Certain principles have guided the development of the SURE system; major considerations included maintaining the confidentiality of individual-level data, as well as facilitating research and planning at both the statewide and institutional levels. In order to minimize any possibility of the release of sensitive personal data, SURE has never collected students’ names, street addresses or birthdays (birth years are collected to determine student age). SURE's file structure design and organization, the use of statistical/data management software, and a dual mainframe/PC computing environment address the goal of facilitating research. In addition, New Jersey Higher Education (NJHE) makes the SAS computer programs it develops accessible to participants. Another major objective has been the standardization and comparability of data. SURE data is considered the reporting institution’s data; therefore, all changes to original files are made only with the knowledge and consent of institutional SURE coordinators.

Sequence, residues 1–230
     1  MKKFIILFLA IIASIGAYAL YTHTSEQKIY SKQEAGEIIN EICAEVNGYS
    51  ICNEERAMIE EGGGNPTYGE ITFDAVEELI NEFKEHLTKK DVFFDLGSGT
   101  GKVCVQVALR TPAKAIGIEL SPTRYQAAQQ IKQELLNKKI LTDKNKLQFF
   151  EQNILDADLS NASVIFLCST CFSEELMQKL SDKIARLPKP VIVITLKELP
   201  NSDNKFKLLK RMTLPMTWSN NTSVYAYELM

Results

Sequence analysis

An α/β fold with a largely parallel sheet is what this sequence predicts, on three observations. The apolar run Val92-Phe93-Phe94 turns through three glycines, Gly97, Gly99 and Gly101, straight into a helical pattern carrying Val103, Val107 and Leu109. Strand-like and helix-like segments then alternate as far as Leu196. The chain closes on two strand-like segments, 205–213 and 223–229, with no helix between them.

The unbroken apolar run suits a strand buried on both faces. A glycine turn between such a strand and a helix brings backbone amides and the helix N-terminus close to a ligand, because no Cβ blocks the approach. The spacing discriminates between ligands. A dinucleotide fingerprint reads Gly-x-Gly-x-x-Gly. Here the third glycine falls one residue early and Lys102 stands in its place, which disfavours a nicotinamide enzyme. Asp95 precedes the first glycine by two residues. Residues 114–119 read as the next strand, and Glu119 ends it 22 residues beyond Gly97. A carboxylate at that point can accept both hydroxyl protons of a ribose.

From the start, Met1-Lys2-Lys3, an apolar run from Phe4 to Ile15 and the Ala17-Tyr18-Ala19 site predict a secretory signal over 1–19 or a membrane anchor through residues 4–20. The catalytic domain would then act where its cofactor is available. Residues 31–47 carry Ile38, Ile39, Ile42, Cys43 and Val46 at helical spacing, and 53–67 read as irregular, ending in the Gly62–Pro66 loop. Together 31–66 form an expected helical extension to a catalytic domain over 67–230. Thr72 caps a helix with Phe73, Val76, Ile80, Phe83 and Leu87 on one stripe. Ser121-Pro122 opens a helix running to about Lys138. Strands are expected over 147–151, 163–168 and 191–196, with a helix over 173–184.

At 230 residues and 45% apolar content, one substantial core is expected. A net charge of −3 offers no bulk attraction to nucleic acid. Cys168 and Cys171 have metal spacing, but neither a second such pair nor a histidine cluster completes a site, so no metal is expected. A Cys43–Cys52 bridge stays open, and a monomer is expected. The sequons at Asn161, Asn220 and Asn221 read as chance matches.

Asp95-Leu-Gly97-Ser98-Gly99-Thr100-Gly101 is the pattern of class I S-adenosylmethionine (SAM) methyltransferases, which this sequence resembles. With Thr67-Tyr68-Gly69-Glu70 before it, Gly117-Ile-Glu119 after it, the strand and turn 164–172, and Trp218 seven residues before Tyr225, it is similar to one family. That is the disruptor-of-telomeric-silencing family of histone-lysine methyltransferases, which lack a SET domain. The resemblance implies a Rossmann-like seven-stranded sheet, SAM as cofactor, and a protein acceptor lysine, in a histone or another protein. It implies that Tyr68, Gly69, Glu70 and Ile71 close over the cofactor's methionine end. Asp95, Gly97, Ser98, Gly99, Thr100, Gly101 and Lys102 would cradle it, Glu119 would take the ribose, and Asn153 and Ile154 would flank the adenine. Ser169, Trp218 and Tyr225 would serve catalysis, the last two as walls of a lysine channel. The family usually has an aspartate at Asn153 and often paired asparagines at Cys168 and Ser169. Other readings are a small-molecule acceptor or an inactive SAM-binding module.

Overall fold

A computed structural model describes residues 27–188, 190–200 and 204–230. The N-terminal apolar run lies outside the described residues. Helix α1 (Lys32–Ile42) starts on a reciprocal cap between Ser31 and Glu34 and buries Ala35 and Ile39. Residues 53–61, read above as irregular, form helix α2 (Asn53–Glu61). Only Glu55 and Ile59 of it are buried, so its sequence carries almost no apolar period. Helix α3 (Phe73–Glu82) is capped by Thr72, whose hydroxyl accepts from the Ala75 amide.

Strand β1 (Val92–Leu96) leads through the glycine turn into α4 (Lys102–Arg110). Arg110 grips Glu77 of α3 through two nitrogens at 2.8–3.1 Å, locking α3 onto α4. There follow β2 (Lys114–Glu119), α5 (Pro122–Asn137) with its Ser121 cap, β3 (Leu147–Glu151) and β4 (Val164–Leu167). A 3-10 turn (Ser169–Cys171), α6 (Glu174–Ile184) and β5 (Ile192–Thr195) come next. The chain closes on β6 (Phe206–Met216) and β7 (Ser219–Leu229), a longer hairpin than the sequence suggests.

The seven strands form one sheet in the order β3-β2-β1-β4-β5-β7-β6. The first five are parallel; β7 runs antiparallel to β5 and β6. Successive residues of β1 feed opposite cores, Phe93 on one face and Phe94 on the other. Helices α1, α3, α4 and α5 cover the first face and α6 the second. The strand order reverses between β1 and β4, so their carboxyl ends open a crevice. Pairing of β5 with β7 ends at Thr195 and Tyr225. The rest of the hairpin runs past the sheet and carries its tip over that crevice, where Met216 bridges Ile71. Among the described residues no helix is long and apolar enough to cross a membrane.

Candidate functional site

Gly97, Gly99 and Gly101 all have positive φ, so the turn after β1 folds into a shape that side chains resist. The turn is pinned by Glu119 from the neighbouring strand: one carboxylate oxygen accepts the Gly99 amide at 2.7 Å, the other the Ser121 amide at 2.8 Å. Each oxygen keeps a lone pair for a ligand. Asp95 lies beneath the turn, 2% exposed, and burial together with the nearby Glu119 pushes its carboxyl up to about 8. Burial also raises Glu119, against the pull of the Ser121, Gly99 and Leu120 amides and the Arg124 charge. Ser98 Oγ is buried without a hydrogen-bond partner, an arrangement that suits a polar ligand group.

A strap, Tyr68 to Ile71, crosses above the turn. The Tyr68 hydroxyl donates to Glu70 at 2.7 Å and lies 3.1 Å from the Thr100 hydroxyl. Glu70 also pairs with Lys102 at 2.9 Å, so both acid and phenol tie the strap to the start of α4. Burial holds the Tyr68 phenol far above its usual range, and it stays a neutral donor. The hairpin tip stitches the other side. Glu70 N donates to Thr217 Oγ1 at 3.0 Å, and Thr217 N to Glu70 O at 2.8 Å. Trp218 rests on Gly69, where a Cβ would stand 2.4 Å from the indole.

The SURE system produces aggregate statistics on each institution that are used to fulfill certain federal and state reporting requirements. Staff has been designated by the National Center for Education Statistics (NCES) as New Jersey’s coordinator for their national data system, IPEDS. In this capacity we compile SURE data to meet their standards and upload it to the federal IPEDS website relieving the institutions from the reporting burdens of annual Completions and Enrollment surveys. SURE system data are also used by NJHE staff to perform various analyses. For example, serially constructed data sets are produced for systemwide longitudinal studies of retention, attrition, and other issues where temporal relationships are important.